Walmarts own search engine

As CFO Charles Holley indicated, Walmart now prides itself on having its own, homegrown search engine, called Polaris. According to Internet Retailer, Polaris now offers tailored results: The search engines algorithm now presents results based on the items consumers have recently bought on, the products shoppers are posting about and sharing on Facebook, the products that have received positive reviews, as well as the items that other consumers have searched for and clicked on.69

Scan & Go: Self-checkout app that gives Walmart mountains of new consumer data
Currently in the testing phase, Walmart launched its Scan & Go program as part of the Walmart app on iPhones and Android devices in August 2012. Customers use their phones to scan items as they shop and then pay at self-checkout as they leave the store.70 As of November 20, 2013, Scan & Go was available at about 200 Walmart stores in the following markets: Bentonville, Atlanta, Denver, Phoenix, Omaha, Dallas, Austin, Oklahoma City, Tulsa, Wyoming, Bozeman, Seattle, San Jose, and Portland (OR).71

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Consumers, Big Data, and Online Tracking in the Retail Industry: A Case Study of Walmart

The Scan & Go technology gives Walmart extraordinary insight into shoppers behavior. Not only do Walmarts apps include a geolocation feature, but they also offer users coupons while they navigate the store, as reported in the media and borne out by our own in-store test. This is a rst step for the company in learning how customers respond to ads while they shop. StorefrontBacktalk sees Scan & Gos potential for tracking this way: But mobile CRM [customer relationship management] is potentially much more exhaustive than plastic CRM. Not only does it include every item scanned, but it would know every item scanned and then put back (deleted). It would know how long that item had been in the cart and exactly where customers were when the decision was apparently made. Did some signage change their mind? Was it a different product? Was it when the customer was near a free sample area? And if it was mobile signage, the system could look up to determine the exact ad being delivered at that exact moment.72 Despite the new initiatives and acquisitions, Walmart still has a long way to go, though. The company has reported that it expects online sales of $10 billion this year, less than 2% of overall sales and just 16% of Amazons $61 billion in online sales last year.73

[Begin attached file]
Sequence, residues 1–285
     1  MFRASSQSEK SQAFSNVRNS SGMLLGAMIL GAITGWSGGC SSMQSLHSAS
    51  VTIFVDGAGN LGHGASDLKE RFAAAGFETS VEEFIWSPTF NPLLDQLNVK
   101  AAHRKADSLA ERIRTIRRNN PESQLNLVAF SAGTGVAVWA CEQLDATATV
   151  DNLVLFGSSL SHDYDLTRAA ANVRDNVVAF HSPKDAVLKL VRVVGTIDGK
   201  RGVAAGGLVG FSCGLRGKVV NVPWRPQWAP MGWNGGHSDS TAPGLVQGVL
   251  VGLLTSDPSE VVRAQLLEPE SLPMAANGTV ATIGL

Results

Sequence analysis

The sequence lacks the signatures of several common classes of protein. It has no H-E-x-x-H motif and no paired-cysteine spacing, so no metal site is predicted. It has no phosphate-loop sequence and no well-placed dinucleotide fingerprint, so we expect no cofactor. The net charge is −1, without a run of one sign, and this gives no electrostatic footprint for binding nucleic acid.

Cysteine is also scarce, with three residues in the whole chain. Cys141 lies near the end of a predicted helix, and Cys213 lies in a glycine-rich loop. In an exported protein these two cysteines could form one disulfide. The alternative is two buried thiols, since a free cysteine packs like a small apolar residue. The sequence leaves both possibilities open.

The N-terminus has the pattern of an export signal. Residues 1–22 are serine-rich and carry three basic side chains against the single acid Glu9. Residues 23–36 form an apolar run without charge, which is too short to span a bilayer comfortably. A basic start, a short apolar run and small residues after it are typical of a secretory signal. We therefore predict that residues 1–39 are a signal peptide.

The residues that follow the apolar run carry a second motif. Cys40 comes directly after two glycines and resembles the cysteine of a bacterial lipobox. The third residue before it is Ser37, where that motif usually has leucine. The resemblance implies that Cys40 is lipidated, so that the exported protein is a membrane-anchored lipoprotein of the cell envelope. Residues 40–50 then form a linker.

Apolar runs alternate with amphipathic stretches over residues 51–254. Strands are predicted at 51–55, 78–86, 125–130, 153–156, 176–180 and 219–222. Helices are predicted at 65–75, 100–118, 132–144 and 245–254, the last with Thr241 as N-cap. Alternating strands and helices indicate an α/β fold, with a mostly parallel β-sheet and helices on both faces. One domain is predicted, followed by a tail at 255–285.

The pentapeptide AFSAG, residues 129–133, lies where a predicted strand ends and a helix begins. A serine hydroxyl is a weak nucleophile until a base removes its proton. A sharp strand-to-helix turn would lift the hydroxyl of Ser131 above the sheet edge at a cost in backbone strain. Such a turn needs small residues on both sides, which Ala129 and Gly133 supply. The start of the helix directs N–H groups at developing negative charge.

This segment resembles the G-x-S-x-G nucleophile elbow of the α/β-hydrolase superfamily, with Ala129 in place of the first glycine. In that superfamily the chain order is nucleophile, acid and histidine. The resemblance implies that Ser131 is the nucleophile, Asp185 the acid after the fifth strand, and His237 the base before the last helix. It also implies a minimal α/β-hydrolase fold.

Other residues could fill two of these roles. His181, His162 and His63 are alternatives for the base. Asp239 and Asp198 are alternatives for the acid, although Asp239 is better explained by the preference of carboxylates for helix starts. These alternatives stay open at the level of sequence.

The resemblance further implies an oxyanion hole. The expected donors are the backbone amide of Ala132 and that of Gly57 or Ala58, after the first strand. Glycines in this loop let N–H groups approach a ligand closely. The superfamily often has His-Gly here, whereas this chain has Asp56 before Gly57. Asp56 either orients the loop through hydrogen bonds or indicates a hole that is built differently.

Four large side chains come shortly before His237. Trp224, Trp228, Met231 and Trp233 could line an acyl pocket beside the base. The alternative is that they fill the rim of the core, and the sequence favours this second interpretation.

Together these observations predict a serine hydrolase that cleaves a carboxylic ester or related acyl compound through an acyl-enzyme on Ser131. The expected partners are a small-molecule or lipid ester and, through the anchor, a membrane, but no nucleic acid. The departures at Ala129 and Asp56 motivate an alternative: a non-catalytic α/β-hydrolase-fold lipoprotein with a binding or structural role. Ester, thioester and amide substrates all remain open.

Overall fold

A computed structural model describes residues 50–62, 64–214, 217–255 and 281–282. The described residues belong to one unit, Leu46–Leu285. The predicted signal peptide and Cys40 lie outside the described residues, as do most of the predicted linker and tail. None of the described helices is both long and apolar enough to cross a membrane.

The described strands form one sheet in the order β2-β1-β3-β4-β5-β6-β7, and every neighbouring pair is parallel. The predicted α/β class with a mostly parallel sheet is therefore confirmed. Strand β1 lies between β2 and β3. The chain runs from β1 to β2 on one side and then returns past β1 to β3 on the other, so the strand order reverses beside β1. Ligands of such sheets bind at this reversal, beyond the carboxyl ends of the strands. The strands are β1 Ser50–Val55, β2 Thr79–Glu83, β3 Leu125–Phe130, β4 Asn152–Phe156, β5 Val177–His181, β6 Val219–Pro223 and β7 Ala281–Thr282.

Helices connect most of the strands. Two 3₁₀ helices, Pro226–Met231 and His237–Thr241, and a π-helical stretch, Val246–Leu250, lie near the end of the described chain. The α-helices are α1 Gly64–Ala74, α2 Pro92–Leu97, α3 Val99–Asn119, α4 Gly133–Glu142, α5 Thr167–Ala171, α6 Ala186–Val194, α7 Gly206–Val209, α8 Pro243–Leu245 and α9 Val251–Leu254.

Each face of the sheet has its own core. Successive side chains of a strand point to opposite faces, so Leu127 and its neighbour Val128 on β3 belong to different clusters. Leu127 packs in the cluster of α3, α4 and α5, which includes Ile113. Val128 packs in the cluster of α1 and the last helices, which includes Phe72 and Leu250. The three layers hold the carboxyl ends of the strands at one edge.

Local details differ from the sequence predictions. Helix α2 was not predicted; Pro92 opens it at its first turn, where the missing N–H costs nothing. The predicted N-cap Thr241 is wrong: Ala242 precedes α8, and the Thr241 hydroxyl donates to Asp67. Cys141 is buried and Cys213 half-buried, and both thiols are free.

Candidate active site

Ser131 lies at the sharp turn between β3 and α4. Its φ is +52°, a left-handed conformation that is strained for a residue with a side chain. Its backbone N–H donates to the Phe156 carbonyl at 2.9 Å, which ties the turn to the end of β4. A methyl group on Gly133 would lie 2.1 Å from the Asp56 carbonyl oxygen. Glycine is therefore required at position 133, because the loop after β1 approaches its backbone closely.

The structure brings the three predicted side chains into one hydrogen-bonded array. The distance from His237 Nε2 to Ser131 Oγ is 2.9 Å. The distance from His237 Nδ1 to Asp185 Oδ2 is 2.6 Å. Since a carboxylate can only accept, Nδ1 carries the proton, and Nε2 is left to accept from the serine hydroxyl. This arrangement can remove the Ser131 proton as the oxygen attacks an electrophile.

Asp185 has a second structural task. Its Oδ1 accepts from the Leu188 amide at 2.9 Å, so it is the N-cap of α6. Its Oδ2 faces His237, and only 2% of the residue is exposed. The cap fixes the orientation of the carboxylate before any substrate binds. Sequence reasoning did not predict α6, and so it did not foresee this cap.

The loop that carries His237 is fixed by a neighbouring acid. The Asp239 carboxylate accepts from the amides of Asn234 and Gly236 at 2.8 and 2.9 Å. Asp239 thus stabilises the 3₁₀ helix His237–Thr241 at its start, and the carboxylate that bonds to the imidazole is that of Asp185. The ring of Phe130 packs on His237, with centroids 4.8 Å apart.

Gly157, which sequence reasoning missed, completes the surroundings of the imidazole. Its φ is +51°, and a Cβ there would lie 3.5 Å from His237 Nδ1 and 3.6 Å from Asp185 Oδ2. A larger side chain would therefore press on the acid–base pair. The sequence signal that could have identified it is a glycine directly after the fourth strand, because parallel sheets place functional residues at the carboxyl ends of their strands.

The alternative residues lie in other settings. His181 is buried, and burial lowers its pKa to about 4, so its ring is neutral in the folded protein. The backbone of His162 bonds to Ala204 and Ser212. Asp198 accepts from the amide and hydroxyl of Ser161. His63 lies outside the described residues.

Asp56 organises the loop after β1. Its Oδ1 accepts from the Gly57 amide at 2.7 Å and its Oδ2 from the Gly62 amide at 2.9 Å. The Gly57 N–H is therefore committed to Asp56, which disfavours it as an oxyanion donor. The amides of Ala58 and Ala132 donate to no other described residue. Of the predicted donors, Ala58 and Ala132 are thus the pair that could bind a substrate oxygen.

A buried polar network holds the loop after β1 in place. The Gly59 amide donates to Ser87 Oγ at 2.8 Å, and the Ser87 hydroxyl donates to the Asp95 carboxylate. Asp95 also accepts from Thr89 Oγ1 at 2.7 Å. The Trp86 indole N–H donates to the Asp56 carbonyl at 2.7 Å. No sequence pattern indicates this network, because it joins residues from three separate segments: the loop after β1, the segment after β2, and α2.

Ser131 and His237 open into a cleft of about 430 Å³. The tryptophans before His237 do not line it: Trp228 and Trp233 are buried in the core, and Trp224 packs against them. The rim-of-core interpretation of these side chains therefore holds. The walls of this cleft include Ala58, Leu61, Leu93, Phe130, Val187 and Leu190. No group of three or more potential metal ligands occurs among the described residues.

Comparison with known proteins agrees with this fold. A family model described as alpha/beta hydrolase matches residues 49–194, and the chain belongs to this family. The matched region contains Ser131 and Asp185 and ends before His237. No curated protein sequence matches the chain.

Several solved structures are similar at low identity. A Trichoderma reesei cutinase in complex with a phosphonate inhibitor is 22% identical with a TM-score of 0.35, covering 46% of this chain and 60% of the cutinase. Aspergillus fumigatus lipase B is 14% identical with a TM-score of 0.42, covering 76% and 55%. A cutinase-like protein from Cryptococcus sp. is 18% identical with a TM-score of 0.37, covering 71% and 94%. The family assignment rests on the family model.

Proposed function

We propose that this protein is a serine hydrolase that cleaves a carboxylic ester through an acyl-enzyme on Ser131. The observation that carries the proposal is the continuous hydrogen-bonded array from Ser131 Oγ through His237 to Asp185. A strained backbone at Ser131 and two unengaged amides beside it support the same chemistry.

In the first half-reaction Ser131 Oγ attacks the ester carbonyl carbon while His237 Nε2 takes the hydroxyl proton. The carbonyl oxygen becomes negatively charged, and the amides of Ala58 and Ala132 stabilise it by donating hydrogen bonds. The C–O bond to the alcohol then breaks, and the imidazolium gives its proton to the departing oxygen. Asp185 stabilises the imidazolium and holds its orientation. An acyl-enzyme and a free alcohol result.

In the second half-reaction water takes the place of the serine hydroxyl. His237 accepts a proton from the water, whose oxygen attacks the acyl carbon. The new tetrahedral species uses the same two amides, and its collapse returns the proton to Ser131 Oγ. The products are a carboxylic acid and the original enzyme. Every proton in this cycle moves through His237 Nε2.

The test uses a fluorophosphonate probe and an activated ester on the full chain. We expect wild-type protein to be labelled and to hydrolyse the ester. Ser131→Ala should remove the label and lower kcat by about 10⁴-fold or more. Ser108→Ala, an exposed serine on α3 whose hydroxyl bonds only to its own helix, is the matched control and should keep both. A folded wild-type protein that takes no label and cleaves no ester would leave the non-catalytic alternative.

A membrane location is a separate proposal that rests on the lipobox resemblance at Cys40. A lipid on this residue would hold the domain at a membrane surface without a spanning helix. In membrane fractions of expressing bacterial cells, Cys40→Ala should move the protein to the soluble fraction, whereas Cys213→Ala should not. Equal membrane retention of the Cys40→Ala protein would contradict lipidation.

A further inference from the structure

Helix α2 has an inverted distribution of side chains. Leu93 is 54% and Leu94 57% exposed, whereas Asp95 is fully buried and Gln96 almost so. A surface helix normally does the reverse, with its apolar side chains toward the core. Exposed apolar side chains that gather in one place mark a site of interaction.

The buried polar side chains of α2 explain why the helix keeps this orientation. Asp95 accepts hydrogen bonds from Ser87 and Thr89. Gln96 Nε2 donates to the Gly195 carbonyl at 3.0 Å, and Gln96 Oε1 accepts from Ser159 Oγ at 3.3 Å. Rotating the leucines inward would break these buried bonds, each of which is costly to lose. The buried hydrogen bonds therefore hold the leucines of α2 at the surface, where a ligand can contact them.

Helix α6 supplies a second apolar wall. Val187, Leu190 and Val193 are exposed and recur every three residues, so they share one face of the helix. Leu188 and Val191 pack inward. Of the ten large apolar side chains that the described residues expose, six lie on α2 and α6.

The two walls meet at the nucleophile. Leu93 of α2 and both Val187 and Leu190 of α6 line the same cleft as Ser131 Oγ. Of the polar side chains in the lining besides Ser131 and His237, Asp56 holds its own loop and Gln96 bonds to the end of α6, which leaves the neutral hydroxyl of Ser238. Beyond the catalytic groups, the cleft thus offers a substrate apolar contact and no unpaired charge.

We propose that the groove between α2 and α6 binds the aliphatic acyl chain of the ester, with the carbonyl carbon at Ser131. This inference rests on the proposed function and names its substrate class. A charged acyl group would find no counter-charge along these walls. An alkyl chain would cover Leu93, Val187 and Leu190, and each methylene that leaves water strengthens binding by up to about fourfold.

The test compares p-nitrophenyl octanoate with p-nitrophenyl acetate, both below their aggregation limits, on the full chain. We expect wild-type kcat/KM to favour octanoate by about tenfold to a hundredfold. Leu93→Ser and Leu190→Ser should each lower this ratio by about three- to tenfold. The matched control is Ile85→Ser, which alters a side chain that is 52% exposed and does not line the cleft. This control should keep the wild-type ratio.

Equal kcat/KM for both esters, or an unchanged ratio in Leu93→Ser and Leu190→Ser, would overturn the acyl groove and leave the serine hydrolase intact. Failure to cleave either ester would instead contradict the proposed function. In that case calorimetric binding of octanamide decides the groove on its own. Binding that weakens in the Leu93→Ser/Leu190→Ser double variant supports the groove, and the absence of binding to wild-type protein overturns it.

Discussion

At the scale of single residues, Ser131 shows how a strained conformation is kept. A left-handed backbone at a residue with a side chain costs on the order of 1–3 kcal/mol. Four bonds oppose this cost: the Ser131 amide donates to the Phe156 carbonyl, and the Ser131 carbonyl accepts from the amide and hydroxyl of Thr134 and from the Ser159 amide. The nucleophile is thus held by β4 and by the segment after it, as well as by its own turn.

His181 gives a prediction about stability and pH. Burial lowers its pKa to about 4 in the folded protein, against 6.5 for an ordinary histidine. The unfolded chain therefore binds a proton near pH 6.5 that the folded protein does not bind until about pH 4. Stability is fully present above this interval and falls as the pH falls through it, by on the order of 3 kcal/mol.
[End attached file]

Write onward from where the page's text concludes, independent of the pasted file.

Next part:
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Consumers, Big Data, and Online Tracking in the Retail Industry: A Case Study of Walmart


Like any large public company, Walmart has to please both investors and customers at the same time. Walmarts statements regarding online tracking and consumer privacy are a perfect example of the challenges of pleasing both these constituencies who have very different interests.

Walmart says one thing to investors

Walmart executives regularly try to impress the media and investors with the quantity of information the company collects about its customers. As noted earlier, Walmart US CEO Bill Simon recently bragged to investors that Walmarts ability to use big data to track consumers was unmatched. Of the social media data the company collects and analyzes, @WalmartLabs commented on its blog, Data volume is formidably huge. We are talking about petabytes here. Real-time social data processing requires sophisticated data stores and blazingly fast algorithms.74 To put this in perspective, a petabyte is the same as 20 million four-drawer ling cabinets lled with text.75 In a speech earlier this year, Walmarts Director of Social Strategy, Umang Shah, conrmed that Walmart tracks customers using social media. He noted that Walmart does try to tie some of the online social activity to transactions. Five years ago, tracking a sale from a social engagement was really hard and it may not even have been possible. Now, it is easyor very, very possible.76